More Observations About Windsor


Tuomi-HeaderThe ghost of Thanksgiving dropped off a basket of oddities to this corner of The Square. They were found to be fresh and not leftovers.

On top was an October 14 Chris Vander Doelen column from the Windsor Star. Despite some 4,000 homes being flooded in the area’s recent torrential rainfall, he proudly declared that Windsor’s sewer pumps worked.

While the pumps may have been working (which is not a definite), the real news is thousands of homes were flooded. Vander, as headline writers call him, offered no problem-fixing suggestions. He also called the Supervisory Control and Data Acquisition system, which remotely runs the city’s sewers, a “SCALA” system, suggesting he really doesn’t know of what he writes.

Posters to CVD’s story were hardly kind.

Commentator Steve Popescu, in a sarcastic way, pointed out the probable reason for the column. He said he’d hate for there to be, “… grounds to sue the city for negligence … Everything is fine with the drainage system, continue upgrading the new arena and city hall.”

A day before, the broadcast media were gushing about Cross Country Trailers expanding. None of the journalists mentioned the company relocated from Windsor to Blenheim, which has lower property taxes.

In defence of the local economic development office not working to stop the relocation of a growing company, at the time, Rakesh Naidu told the media the company didn’t call him.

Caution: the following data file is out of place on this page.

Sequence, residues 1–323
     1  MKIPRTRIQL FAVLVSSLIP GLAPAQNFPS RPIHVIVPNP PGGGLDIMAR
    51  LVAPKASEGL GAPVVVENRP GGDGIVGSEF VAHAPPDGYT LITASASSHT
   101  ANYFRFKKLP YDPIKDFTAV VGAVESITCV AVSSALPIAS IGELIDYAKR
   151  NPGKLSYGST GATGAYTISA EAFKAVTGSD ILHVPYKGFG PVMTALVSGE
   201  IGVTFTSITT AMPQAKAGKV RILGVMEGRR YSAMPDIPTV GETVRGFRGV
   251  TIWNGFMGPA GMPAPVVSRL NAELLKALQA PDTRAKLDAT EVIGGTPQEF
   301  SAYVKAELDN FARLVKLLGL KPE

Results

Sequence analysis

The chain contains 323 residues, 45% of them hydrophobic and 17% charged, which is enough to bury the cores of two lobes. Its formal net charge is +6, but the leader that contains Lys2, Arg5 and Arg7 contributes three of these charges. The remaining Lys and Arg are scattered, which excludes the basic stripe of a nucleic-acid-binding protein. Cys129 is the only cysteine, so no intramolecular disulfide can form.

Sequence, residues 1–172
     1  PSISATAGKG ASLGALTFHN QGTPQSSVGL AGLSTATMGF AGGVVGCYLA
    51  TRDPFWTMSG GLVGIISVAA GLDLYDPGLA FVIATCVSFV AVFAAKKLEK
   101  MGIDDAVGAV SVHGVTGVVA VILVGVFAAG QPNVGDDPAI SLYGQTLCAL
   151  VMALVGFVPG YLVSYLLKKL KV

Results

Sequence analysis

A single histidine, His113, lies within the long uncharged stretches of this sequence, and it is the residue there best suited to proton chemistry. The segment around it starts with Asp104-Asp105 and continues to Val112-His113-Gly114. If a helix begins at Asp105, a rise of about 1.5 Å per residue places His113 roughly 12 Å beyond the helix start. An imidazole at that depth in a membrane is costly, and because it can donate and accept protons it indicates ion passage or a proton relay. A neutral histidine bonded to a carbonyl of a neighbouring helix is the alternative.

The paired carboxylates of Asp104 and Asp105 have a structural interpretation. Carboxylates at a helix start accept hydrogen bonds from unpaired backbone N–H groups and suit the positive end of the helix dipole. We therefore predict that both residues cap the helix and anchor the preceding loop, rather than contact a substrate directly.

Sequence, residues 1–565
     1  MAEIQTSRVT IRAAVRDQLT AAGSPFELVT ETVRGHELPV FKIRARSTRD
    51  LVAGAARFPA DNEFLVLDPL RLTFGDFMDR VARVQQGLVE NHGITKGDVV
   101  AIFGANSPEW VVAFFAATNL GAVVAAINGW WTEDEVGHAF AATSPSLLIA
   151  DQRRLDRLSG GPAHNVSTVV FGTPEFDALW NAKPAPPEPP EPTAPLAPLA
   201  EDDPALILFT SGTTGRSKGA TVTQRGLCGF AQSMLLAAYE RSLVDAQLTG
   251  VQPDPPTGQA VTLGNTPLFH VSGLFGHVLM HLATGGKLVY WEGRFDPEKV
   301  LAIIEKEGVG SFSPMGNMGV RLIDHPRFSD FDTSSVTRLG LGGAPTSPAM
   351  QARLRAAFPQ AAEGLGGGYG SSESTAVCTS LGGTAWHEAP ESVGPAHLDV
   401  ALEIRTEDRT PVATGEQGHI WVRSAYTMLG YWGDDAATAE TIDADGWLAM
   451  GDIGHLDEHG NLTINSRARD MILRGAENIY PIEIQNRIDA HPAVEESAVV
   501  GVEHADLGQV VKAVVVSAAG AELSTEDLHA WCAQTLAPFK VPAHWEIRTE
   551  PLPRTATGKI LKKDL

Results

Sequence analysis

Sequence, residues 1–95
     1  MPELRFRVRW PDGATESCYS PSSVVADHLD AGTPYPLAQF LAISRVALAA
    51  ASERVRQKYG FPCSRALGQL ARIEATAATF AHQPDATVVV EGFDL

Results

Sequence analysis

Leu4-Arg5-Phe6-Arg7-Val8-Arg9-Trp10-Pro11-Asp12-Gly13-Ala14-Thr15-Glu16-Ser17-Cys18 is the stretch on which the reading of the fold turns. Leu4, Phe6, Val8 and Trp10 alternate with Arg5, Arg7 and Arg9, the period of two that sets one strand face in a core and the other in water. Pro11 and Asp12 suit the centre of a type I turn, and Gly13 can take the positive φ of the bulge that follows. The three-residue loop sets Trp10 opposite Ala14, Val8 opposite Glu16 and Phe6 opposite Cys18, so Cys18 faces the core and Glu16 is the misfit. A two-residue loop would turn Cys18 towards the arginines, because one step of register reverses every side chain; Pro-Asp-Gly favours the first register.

Now there is new man Stephen MacKenzie waiting by the phone. Some wonder what kind of leader he’ll show. Early results suggest it will be the same old, same old.

MacKenzie just signed a memorandum of understanding with a Korean city, supposedly to bring new companies to the region and help local companies expand to South Korea. This is odd because it seems he might be following the playbook of former mayor Eddie Francis.

Francis travelled to the Asian country in a bid to convince its Niagara Falls-bound tourists to stop in Windsor. So far there has not been an announcement that the trip changed anyone’s mind.

Windsor continues to suffer from a severe lack of economic development. It has not only lost a number of factories, but also competitions to get new ones. This has included not winning bids for everything from a General Electric engine plant to Range Rover and Jaguar auto assembly plants.

Despite all the pretence of how great the city is, MacKenzie needs to convince the city’s council to lower its investment discouraging industrial property taxes.

The situation is serious.

Windsor made number 25, the last place, in this year’s Profitguide.com’s Best Places for Business. The publication evaluated, “… the Canadian cities that strike an optimal balance between prosperous markets, reasonable costs and business-friendly taxation and regulation.”

Actually, the business-friendly taxation issue is easy to fix.

But, will MacKenzie have the courage to tell council it isn’t wearing any clothes and needs to reduce the tax burden on jobs creating businesses, or will he prefer signing MOU documents?

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About the Author

Robert Tuomi

After initially succeeding as a broadcast journalist and achieving senior level assignments, Robert branched out into marketing communications. As a senior executive, primarily in the high-tech industry, Robert created award-winning and comprehensive, multi-faceted initiatives to enhance sales and expand market awareness for some of the largest companies in their fields.

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